June Firefly Watching in Great Smoky Mountains National Park

Publish date:

This video, which premiered on BBC Earth, was filmed as part of SKYGLOW, an ongoing crowd-funded quest to explore the effects and dangers of urban light pollution in contrast with some of the most incredible Dark Sky Preserves in North America. This project is being produced in collaboration with International Dark-Sky Association. You can support SKYGLOW by visiting www.skyglowproject.com.

For about two weeks each year, Elkmont in Great Smoky Mountains National Park becomes the site of the most magnificent synchronized firefly (also called lightning bug) gathering in the world. 

For synchronous fireflies, the peak mating season usually begins in late May and ends in early June, although the two-week season varies slightly year to year. According to Great Smoky Mountains National Park officials, since 1993, the peak date has ranged from the third week of May to the third week in June. During mating season, male fireflies flash their lights four to eight times at the same time for 10 seconds. In the next 8-10 seconds, female fireflies can respond by lighting up.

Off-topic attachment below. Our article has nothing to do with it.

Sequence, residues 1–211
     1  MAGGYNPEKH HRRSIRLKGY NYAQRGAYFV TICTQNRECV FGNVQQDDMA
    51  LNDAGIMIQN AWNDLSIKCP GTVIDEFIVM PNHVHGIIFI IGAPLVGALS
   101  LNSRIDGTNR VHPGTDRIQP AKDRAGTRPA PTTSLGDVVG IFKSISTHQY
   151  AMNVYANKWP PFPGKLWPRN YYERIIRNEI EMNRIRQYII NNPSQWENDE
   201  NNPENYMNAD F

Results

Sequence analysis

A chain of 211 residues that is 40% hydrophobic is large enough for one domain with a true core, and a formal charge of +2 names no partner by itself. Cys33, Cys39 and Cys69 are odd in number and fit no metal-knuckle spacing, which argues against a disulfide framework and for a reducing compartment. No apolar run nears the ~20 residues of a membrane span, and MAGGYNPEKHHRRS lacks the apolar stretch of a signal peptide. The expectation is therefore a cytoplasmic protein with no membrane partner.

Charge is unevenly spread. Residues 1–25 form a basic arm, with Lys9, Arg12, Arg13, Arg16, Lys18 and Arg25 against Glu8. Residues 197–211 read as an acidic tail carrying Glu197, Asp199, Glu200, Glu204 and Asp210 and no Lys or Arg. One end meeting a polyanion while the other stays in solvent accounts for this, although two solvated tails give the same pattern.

2018 Dates for Viewing with Shuttle Service: Thursday, June 7 through Thursday, June 14

The lottery will be open for applications from Friday, April 28 at noon until Monday, April 30, 2018 at 8 p.m. Results of the lottery will be available on Wednesday, May 9.

Be sure to make an online reservation for tickets, starting in April, at recreation.gov as this firefly-watching event is popular. Your ticket includes parking at the Sugarlands Visitor Center and a seat aboard a shuttle to Elkmont. At Elkmont, there are rangers to answer questions and a number of paved areas and trails you can take to watch the fireflies light up the night.

Fireflies lit up at night.

Fireflies require total darkness to mate and humans who use flashlights, as well as produce any any other form of light pollution, have led to decrease of fireflies across the world. The NPS enforce strict lighting regulations in the park which prohibit use of lights which may disturb and drive out the fireflies from the park. These regulations include:

  • Cover your flashlight with red or blue cellophane.
  • Use your flashlight only when walking to your viewing spot.
  • Point your flashlight at the ground.
  • Turn off your flashlight when you find your viewing spot.

Although Elkmont is the most popular place to view the fireflies during mating season, you can also find them in other areas of the park. Look for open fields bordered by trees and near water. Later in the season, you may find them at higher elevations. The flashing begins around 10 pm and ends around midnight.